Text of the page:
IAHR, founded in 1935, is a worldwide independent member-based organisation of engineers and water specialists working in fields related to the hydro-environmental sciences and their practical application. Activities range from river and maritime hydraulics to water resources development and eco-hydraulics, through to ice engineering, hydroinformatics, and hydraulic machinery.
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You are here : eLibrary : IAHR World Congress Proceedings : 35th IAHR Congress - Chengdu (2013) : THEME 6 - MARITIME HYDRAULICS AND COASTAL ENGINEERING : Foresight Study on the Physical Modelling of Wave and Ice Loads on Marine Structures
Foresight Study on the Physical Modelling of Wave and Ice Loads on Marine Structures
Author : James Sutherland and Karl-Ulrich Evers
The measurement of wave and \ or ice loads on coastal and maritime structures can play an important role in their final design. The number and range of man-made structures that are subject to these loads is increasing ? from offshore oil and gas facilities, through ships and, renewable energy devices, to breakwaters, quay walls, bridges and tunnels. This paper summarises the results of a Foresight Study, available from www.hydralab.eu, which reviewed techniques for making physical model measurements of wave and ice loads on marine structures, summarised their weaknesses and outlined the advances in modelling techniques that the authors expect to see.The anticipated short-term advances include the development of sampling schemes to allow shorter test series to be run, incremental advances in the methods for computing the low-frequency response of floating structures, wave-generation techniques in shallow water (including tsunamis) and optical \ acoustic devices for making measurements over surfaces or in 3D volumes. In addition we expect improvements in the usefulness of tactile pressure sensors to measure forces that vary in space and time and a widening of the range of active transducers to reproduce non-linear responses. The longer-term (more speculative) changes that are anticipated include (i) the development of composite models with full two-way coupling between numerical and physical models in real time, (ii) increased use of physical models with CFD, (iii) the provision of much more detailed datasets due to improvements in sensor size, resolution, sampling frequency and spatial coverage, (iv) the development of the active laboratory, with many more computer-controlled non-linear devices, (v) improved treatment of uncertainty; and (vi) improved data access through development of data standards and data-transfer techniques.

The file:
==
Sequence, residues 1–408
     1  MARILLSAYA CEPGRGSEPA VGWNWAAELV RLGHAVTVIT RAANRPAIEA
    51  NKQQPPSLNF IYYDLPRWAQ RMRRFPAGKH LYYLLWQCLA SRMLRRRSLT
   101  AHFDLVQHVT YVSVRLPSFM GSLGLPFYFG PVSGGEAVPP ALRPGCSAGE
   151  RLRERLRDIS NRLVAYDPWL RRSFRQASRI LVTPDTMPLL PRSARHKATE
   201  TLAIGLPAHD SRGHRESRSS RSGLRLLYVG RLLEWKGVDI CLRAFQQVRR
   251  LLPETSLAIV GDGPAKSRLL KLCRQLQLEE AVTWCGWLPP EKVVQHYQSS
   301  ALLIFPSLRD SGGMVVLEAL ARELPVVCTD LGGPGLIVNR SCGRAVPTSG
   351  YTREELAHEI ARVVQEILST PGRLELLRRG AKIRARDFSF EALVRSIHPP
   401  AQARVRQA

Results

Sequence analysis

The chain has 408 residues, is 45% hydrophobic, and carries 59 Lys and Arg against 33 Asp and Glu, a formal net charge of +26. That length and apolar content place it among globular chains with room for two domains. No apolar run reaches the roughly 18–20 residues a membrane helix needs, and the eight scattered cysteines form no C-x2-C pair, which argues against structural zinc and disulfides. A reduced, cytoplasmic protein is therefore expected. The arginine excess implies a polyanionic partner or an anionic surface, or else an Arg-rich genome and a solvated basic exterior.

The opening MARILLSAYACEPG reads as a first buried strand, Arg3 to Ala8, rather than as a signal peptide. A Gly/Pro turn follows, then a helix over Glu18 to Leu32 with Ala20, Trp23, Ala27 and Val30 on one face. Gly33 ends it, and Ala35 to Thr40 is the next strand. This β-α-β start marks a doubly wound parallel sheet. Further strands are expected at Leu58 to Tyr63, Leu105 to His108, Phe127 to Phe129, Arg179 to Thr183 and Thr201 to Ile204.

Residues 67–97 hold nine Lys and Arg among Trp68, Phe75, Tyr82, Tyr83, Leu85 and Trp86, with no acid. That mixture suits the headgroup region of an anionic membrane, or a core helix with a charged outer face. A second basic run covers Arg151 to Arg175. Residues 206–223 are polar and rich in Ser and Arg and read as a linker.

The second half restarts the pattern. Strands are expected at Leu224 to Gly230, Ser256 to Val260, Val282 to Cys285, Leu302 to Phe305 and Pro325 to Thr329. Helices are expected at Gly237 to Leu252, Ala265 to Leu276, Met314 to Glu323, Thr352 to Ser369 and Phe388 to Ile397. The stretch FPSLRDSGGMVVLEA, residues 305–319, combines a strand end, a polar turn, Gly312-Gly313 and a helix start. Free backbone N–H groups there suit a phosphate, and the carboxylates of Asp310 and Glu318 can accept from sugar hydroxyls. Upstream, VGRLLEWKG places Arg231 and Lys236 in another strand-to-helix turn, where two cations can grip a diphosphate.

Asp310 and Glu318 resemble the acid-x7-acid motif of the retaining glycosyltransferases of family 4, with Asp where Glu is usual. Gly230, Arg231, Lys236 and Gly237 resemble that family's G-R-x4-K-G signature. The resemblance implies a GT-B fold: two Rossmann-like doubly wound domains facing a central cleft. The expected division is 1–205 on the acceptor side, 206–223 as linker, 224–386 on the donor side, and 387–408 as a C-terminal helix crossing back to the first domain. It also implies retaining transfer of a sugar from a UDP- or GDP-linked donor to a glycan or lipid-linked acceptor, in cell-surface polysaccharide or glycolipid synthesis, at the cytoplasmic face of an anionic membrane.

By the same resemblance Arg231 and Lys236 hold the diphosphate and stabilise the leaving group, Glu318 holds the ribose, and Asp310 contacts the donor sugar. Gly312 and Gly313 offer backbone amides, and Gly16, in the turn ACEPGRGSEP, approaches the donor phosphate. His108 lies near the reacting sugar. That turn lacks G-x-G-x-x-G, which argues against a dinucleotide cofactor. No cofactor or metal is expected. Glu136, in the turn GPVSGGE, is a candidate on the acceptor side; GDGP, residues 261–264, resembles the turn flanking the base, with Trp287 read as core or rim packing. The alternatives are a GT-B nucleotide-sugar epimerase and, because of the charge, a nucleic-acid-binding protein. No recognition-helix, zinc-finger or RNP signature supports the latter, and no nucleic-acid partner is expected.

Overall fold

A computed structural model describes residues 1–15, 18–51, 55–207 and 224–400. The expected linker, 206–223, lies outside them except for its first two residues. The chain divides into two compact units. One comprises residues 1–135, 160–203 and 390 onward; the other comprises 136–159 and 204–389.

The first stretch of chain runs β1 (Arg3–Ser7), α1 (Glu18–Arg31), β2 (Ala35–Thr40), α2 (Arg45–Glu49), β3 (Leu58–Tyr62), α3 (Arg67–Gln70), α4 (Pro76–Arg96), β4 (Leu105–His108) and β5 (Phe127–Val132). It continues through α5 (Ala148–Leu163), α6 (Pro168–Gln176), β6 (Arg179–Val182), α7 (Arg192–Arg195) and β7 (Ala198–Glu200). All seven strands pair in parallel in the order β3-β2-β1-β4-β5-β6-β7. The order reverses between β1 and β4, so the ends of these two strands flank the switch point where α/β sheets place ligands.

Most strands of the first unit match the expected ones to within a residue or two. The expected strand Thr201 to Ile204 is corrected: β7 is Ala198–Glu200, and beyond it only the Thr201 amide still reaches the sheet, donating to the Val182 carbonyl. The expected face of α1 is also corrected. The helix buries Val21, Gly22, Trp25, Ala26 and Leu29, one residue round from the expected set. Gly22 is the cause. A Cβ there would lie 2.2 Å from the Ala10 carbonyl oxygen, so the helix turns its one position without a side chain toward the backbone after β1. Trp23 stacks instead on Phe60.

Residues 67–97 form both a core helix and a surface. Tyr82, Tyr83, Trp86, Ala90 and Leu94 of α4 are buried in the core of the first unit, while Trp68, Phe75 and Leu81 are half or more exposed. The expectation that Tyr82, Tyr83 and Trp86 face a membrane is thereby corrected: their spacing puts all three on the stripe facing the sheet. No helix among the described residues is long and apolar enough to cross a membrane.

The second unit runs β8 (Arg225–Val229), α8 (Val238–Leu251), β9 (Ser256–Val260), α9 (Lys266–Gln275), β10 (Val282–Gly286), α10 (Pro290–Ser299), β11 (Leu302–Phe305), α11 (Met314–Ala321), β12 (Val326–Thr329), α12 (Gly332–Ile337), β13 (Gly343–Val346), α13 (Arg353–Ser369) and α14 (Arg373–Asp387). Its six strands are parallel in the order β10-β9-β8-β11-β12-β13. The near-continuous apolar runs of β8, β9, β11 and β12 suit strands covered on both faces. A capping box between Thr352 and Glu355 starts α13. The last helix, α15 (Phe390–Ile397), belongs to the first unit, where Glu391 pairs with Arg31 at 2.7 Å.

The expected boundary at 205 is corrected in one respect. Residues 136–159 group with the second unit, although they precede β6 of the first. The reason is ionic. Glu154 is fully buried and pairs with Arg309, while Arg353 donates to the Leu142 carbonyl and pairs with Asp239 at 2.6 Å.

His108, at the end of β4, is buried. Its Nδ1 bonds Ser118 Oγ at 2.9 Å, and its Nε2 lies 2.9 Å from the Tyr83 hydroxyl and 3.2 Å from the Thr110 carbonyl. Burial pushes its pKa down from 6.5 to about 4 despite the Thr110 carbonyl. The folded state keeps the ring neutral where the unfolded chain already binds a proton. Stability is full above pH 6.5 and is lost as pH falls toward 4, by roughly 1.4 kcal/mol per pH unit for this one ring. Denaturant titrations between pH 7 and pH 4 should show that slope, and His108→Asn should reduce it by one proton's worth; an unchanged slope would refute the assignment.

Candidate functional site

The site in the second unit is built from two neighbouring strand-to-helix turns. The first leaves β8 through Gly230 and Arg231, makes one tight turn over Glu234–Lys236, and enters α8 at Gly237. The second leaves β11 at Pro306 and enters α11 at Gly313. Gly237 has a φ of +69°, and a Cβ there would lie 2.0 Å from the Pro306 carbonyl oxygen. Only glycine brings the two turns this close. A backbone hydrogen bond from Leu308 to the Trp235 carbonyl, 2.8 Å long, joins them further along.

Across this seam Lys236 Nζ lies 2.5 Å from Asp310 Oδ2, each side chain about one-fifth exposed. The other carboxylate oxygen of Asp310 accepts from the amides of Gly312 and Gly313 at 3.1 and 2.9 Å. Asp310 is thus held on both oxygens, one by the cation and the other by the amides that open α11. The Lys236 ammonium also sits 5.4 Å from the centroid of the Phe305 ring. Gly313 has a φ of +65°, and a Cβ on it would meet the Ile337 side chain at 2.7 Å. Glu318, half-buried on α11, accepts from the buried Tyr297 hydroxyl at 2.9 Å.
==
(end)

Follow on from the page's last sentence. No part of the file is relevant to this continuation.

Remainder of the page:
File Size : 96,930 bytes
File Type : Adobe Acrobat Document
Chapter : IAHR World Congress Proceedings
Category : 35th IAHR Congress - Chengdu (2013)
Article : THEME 6 - MARITIME HYDRAULICS AND COASTAL ENGINEERING
Date Published : 18/07/2016
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